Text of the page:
More Confessions Of A Recovering Runaholic
The human body is an amazing thing. We’re really just a pile of bones held together by muscles and ligaments. Our heads are attached to our bodies only by the action of muscles. Likewise, our arms and legs do not sprout out of our trunks like branches out of a tree. Our limbs are created from a complex and elegant interplay of muscles, which attach via tendons to different bones, and connect the peripheral parts of our bodies to our core. Our muscles contract this way and that, each having its own role in extension, flexion, rotation or what have you. I find it fascinating that our bones are basically floating about in our bodies, only anchored by the action of our muscles. I think of how floppy my babies were when they were born, and how they could barely move intentionally, and how they then gradually learned to lift their heads, then their upper bodies, then they crawled, and then the extensors of the legs were strong enough for that first little push to standing. Absolutely fascinating.
I’m learning lessons about the impact of this on my own body, which is many decades past being a floppy newborn. About how my gluteus maximus muscle (the big one in my butt) is weak on the left side, and fails to extend the hip. (The classic line from Sir Mix-a-Lot comes into mind right now…) About how my core muscles (transverse abdomens especially) have been obliterated by carrying two babies to term, and how this affects pelvic (and hip) stability. About how those dang pelvic floor muscles are about as strong as a newborn kitten. It always comes back down (pardon the pun) to the pelvic floor. I should know better, as I counsel my patients daily about doing their pelvic floor exercises after noting prolapse after prolapse while doing Pap smears. Those sneaky pelvic floor muscles are to blame for so many of the aftermaths of having children. And now they are partly to blame for the fact that I have not been allowed to run for the past eight weeks.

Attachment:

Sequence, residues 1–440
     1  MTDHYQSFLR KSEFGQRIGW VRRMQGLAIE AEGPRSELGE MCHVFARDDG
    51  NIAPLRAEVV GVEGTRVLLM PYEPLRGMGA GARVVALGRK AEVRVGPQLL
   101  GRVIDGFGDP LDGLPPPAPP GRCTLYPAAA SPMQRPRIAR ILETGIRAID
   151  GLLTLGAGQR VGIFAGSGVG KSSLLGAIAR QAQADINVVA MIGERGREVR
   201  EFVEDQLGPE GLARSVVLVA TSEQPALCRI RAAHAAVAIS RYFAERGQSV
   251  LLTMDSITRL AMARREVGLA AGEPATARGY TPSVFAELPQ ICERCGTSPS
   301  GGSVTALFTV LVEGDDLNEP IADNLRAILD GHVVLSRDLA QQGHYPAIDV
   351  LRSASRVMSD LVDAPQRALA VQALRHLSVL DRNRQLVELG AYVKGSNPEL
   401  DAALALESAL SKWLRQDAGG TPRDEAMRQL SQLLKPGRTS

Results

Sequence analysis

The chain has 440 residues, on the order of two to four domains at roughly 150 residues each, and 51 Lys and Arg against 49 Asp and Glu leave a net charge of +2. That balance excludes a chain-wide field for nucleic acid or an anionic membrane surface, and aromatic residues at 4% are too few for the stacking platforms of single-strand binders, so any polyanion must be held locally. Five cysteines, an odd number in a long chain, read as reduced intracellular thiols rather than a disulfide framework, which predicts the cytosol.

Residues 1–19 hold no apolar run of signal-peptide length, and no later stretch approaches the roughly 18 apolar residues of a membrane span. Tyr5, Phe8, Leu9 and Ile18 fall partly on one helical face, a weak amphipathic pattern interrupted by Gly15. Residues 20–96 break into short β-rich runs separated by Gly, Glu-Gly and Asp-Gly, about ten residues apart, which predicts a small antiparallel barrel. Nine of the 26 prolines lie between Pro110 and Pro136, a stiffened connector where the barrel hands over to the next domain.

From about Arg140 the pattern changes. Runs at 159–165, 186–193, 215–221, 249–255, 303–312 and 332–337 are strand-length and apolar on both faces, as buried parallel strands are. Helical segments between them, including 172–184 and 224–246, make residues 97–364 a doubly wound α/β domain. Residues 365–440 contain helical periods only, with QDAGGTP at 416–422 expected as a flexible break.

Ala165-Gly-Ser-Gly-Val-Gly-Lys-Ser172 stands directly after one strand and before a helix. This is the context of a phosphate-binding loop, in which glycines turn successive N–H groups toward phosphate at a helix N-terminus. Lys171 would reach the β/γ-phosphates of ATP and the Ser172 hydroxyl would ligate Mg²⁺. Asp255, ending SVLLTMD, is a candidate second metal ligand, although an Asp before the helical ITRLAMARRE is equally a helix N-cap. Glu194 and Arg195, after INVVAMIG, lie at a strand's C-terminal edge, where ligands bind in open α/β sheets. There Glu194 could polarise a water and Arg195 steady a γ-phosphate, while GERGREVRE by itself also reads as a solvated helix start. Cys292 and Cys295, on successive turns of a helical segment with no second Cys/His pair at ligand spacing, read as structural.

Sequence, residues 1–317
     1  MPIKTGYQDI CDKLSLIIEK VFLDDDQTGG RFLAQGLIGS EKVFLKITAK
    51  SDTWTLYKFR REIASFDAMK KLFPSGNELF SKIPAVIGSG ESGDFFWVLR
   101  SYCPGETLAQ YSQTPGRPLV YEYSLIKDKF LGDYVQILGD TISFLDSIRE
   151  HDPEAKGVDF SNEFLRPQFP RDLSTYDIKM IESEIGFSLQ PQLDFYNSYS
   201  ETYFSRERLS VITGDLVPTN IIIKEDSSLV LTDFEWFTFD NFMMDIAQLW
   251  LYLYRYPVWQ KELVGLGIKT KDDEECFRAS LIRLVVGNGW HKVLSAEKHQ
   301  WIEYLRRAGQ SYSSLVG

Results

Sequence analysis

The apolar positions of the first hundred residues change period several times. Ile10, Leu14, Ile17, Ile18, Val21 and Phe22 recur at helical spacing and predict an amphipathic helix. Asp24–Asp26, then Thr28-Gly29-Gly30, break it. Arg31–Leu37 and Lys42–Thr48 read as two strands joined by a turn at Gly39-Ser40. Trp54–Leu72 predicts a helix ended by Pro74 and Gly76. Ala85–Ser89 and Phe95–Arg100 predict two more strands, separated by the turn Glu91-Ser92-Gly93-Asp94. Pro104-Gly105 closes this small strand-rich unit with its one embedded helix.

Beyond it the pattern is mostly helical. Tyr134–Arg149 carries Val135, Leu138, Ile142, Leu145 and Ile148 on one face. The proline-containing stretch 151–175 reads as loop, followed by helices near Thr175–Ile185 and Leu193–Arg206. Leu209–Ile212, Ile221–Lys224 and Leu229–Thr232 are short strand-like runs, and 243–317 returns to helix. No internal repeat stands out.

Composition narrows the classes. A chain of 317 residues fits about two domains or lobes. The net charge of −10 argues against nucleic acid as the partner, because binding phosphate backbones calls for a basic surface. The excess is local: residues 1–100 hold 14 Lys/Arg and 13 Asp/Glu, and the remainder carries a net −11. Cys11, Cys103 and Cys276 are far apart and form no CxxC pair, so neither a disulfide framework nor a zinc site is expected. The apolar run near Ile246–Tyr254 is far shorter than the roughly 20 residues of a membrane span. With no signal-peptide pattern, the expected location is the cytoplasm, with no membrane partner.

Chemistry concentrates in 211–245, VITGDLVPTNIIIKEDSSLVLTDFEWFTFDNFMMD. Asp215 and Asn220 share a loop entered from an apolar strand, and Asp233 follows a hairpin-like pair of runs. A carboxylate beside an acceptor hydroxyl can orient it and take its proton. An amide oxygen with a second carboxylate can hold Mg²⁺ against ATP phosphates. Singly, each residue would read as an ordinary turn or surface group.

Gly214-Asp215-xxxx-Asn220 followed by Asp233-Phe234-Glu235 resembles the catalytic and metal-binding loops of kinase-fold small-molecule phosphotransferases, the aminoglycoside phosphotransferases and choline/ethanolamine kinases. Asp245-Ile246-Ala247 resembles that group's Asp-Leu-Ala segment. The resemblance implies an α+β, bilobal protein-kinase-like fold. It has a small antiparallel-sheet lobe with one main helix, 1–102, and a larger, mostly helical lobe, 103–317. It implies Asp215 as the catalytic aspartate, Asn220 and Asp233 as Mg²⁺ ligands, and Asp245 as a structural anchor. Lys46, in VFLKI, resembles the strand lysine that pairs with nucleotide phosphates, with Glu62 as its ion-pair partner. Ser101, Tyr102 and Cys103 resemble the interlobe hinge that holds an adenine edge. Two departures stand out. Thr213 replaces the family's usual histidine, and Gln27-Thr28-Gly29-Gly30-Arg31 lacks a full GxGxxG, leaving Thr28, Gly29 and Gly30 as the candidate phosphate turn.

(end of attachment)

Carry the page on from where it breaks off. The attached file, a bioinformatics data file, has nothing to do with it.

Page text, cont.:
I’m definitely on the road to recovery. The exercises I have been doing diligently every day (well, most days – there are regular days every week when I fall asleep once the kids go to bed and no pelvic floor exercises are done) have resulted in a much more stable hip joint. For the first time in four years I can walk normally – without feeling like my left hip is stiffening up. And my physiotherapist has stopped grimacing when I ask him about when I can start running again. The last time I asked him, he gave a little smile that I couldn’t interpret. Was he waiting for me to ask? Was I being too predictable? Was I being too type A? Who cares. He plainly said that next week I can start running again. Short intervals, and monitor my pain levels. Increase slowly. He also said that a half-marathon in October did not seem feasible, but a 10K race did.
So it looks like my little affair with the spin bike might be coming to an end soon. I still can’t believe I’ll be back on the track next week; I’ll celebrate when it happens. Until then, I’ll be doing my pelvic floor exercises. Every day. Ok, most days. Forever. Because you never know what else they are going to affect.